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Introduction Dale W. Jorgenson Harvard University Dr. Jorgenson welcomed the audience to the fifth in a series of symposia sponsored by the National Research Council's Board on Science, Technology, and Economic Policy (STEP) and devoted to the theme "Measuring and Sustaining the New Economy." To counter the view that the New Economy had "disappeared in the year 2000," he pointed out that recent figures indicated that, since the end of the previous recession in 2001, productivity growth had been running about two-tenths of a percentage point higher than in any recovery of the post-World War II period. He therefore applied the label "alive and well" to the New Economy, which, he noted, STEP had been tracking almost from the time the phenomenon was recognized in the policy community. Reviewing STEP's previous symposia on the New Economy, Dr. Jorgenson recalled that the first had taken place in the year 2000 and had resulted in the publication of Measuring and Sustaining the New Economy. The thesis of that book--which, he said, still held up very well--was that technology is the main source of the development denoted by the term "New Economy," and that the key technologies center on semiconductors. The second symposium, addressing semi- conductors specifically, dealt with speed at which semiconductor technology develops, which is described by Moore's Law. That topic is critical to tele- communications technology, the focus of the current symposium, just as it is to the development of technologies related to computing. 29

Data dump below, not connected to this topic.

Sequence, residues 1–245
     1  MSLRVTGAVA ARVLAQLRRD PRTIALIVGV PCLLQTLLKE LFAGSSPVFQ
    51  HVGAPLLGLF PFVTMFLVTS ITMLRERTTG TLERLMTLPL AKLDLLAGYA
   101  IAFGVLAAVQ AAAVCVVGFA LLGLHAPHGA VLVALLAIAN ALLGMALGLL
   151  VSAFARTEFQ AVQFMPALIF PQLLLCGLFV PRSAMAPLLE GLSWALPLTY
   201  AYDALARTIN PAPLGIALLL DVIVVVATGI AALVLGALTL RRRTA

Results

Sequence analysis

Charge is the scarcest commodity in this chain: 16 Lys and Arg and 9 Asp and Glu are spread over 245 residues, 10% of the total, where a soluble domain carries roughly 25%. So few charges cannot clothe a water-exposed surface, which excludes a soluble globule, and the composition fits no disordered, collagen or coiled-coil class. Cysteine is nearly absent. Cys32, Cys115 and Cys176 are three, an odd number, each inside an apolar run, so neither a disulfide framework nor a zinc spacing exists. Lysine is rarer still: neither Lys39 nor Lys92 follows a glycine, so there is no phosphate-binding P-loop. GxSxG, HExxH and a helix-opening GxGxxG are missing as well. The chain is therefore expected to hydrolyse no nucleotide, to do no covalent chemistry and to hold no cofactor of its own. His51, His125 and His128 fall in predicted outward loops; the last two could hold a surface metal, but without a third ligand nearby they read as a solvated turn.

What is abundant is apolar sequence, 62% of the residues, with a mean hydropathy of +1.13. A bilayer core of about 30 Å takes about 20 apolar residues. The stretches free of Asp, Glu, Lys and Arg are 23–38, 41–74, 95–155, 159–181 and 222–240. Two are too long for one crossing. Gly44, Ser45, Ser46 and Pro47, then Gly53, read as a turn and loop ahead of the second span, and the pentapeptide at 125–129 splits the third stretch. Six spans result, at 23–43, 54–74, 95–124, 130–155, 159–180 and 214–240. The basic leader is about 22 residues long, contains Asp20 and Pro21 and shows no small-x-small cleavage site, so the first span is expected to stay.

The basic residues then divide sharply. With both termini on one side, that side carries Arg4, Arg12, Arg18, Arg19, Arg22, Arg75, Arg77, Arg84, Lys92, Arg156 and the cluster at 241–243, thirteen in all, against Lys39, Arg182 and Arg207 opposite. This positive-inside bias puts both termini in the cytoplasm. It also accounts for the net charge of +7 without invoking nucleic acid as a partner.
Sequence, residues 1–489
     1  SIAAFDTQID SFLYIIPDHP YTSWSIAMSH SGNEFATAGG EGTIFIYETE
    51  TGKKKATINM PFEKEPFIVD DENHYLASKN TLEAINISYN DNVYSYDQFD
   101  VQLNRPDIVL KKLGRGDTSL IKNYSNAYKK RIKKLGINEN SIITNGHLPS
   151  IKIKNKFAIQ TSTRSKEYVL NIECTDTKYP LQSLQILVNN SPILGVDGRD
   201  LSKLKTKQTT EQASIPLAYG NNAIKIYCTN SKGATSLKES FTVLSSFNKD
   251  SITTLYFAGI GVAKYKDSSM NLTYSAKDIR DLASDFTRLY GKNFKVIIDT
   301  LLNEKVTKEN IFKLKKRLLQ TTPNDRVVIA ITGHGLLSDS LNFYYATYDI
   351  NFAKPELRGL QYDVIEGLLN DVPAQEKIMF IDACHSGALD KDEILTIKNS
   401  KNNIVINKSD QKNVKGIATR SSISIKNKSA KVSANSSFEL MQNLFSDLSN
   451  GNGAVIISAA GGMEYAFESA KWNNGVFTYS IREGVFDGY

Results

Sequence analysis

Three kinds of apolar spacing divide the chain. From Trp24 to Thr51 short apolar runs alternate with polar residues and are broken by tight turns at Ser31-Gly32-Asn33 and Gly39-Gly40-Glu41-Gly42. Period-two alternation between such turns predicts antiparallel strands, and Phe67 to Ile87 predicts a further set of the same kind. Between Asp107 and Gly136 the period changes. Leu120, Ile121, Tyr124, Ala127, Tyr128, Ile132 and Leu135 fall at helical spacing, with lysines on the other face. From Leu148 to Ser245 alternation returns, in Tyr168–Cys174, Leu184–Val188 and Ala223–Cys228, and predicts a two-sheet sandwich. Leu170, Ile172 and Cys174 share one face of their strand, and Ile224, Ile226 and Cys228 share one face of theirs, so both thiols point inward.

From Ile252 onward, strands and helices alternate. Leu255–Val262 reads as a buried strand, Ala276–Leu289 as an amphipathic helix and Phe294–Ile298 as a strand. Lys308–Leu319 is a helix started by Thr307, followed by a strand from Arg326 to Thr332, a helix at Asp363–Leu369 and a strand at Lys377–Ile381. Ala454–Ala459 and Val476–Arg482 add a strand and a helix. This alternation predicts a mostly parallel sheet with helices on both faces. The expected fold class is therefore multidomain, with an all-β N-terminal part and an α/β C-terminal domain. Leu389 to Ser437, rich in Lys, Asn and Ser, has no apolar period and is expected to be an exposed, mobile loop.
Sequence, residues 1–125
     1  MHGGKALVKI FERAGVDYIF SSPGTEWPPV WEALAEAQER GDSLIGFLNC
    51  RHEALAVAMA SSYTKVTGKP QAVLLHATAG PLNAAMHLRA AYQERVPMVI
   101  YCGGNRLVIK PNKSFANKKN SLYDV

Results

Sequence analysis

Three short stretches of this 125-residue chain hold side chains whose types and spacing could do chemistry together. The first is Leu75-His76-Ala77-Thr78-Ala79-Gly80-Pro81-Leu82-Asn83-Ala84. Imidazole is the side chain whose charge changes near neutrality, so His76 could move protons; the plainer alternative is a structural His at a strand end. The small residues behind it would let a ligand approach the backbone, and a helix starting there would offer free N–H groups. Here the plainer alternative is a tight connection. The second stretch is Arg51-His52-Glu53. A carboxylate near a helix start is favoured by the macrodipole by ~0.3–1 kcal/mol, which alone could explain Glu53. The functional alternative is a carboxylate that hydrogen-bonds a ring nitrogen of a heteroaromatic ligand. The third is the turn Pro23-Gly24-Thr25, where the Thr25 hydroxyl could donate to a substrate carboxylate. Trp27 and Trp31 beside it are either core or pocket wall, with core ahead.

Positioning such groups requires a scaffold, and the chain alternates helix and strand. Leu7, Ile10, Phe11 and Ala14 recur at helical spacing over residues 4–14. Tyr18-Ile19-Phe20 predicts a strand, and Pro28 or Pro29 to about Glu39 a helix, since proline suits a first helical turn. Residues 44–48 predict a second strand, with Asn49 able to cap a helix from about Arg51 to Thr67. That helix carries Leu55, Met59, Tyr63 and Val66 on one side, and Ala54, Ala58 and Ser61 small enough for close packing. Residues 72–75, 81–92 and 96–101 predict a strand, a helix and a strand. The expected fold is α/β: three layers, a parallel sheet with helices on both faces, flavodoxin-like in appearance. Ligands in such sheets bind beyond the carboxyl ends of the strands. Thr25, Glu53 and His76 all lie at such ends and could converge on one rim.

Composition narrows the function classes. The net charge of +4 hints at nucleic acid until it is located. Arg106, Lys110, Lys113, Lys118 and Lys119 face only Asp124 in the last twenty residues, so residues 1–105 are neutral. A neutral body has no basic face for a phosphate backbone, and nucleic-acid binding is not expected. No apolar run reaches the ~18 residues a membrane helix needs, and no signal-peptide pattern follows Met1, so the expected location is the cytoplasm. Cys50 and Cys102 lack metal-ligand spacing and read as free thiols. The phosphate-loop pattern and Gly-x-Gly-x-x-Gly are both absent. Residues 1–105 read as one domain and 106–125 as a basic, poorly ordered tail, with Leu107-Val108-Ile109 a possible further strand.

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30 THE TELECOMMUNICATIONS CHALLENGE The subject of the third symposium in the series, which was held about a year after that on semiconductors and for which a report was yet to be published, was computers. According to the future it sketched out for Moore's Law, the acceler- ated pace of development of semiconductor technology that started in the mid- 1990s was to continue; and, in fact, the rate of progress between that meeting and the present had proved this expectation correct. Addressing those in the audience who tracked semiconductor technology, Dr. Jorgenson observed that Robert Doering of Texas Instruments and other leading authorities in the field had projected semiconductor development to continue at that accelerated pace for at least another decade or so, something of extreme relevance to the day's topic. The fourth symposium of the series, held in February 2004, examined developments in software technology, which he described as a "much less tractable topic." STEP will publish a report on that meeting as well. THE NEW ECONOMY: A COMPREHENSIVE PICTURE Taken together, the work sponsored by STEP under the rubric Measuring and Sustaining the New Economy--examining the specifics of semiconductor technology, the base technology driving the pace of technological development; computing; software; and, at the current meeting, telecommunications--has produced the most detailed and comprehensive picture available to date of what is known as the New Economy. And true to the components of STEP's name, this study had encompassed economics, about which a great deal had been learned in its course, as well as technology, which had been the focus of much of the deliberation. Turning to policy, Dr. Jorgenson raised the issue of which policies condition the speed at which new technologies are adopted as they became available. This is particularly germane to telecommunications, which is regulated not only at the federal level, a subject to be addressed shortly by Peter Tenhula of the Federal Communications Commission, but also at the state level. And, in addition to the involvement of many different regulatory bodies, there is that of Congress, which has passed major legislation, and the courts, which have always been the arena of last resort. So STEP--the Board on Science, Technology, and Economic Policy-- was bringing all three together in the day's symposium. Thanking Dr. Charles Wessner of the STEP staff and Dr. Bill Raduchel, a member of the Board, for organizing the symposium, Dr. Jorgenson turned the floor over to the latter, the subject of whose talk was the end of stovepiping.
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